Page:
NH lawmakers host hearing on Medicaid expansion


CONCORD, N.H. (AP) — Low-paid health care workers who provide critical services deserve access to quality care themselves, supporters of expanding New Hampshire's Medicaid program told House lawmakers Thursday.

The state is deciding whether to expand Medicaid under the federal health overhaul law to include more poor adults in addition to the children, pregnant women and other groups who are currently covered. If it opts for expansion, the federal government would pick up the entire cost for the first three years and 90 percent after that, though some opponents question whether that promise would be kept.

While Gov. Maggie Hassan backs the idea, the Legislature has the final say, and a pair of House committees held a public forum Thursday to hear from those who would be affected by the decision. Several spoke on behalf of home health aides and other low-paid workers, saying it wasn't right that many of them go without health care coverage given the important work they do.

"They work with the neediest of people," said Merrianne McDonald of Salem, who described the broad range of services her disabled grandsons receive. "I would like every one of you to (care for) a special needs child for a weekend and see what caregivers go through."

Rebecca Hutchinson, director of the Lutheran Social Services In-Home Care program, said there are several hundred home health aides across the state who are not insured through their employers, and even those who do have insurance are vulnerable to losing it because their hours often change. For example, if a client dies, a worker's weekly hours may fall below the threshold for receiving the limited health care benefits the agency offers, she said.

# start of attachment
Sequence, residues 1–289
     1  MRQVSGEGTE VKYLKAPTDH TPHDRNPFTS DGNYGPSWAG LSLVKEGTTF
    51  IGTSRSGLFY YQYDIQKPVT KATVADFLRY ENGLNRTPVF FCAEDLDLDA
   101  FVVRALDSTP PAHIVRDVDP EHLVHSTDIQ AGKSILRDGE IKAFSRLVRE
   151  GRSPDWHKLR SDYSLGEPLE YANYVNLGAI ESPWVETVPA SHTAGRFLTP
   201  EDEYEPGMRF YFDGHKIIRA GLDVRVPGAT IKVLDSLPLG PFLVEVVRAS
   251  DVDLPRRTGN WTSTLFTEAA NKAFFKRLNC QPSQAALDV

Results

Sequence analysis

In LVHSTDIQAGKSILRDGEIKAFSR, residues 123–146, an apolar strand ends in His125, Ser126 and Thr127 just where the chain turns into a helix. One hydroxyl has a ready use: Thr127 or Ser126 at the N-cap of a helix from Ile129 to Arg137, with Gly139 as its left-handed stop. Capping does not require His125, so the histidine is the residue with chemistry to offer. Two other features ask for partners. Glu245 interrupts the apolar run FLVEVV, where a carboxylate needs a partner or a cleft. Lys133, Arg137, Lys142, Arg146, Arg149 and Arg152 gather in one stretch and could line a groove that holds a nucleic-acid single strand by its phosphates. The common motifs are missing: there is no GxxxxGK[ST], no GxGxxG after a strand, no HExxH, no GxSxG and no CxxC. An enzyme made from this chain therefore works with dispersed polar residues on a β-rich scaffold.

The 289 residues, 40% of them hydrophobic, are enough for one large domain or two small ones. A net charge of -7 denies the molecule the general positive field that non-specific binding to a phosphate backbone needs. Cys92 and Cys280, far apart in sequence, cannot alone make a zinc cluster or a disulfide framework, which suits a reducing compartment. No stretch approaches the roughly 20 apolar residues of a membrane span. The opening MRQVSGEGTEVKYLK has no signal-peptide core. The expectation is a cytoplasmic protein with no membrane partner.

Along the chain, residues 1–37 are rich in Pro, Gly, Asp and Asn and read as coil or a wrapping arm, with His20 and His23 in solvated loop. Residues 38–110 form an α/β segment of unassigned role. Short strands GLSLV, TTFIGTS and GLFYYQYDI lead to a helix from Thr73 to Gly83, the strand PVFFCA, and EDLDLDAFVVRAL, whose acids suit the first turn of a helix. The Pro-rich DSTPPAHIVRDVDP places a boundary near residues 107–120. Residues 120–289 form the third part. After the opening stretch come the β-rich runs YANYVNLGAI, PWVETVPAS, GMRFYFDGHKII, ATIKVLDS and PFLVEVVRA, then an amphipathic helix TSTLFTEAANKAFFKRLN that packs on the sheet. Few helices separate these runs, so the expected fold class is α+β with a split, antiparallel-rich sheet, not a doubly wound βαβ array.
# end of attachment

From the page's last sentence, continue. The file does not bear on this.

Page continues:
"There is something particularly disheartening that the very people who help us remain in our own homes, safe and independent, as we age, and at the same time help reduce health care costs for all of us, are not covered by health insurance themselves," she said.

Others described the fear and stress of living without health insurance. Susan Bruce, a freelance writer and community organizer from Dunbarton, said she has been staying afloat with part-time work since her last full-time job ended in 2008 and her husband died in 2009. She told the committees that while she doesn't look poor — she saved nice clothing from her last well-paying job and has a friend who cuts her hair — "It's all smoke and mirrors. I'm treading water as hard as I can, and I'm not the only one."

"There are many middle-aged people in this situation," she said. "We've worked hard all our lives, and now we live in fear."

The Rev. Gail Kinney, pastor at the South Danbury United Church of Christ, described a family in her congregation in which both parents lost their jobs during the recession. They got new jobs, but don't have health benefits. One of their children took Kinney aside and whispered that his mother needs to see a doctor and had looked online to see whether she could take any of her young son's medicine to treat herself.

"That level of desperation is not right for the state of New Hampshire," Kinney said.

The committee also heard from public policy experts, including Deb Fournier of the New Hampshire Fiscal Policy Institute. Based on an analysis commissioned by the state, she concluded that Medicaid expansion would likely be budget neutral or result in savings for the state.

The analysis released earlier this year estimated that expanding Medicaid New Hampshire would boost enrollment by about 58,000 people by 2020, and together with the overhaul law's other provisions, would reduce the number of uninsured residents from roughly 170,000 to 71,000.

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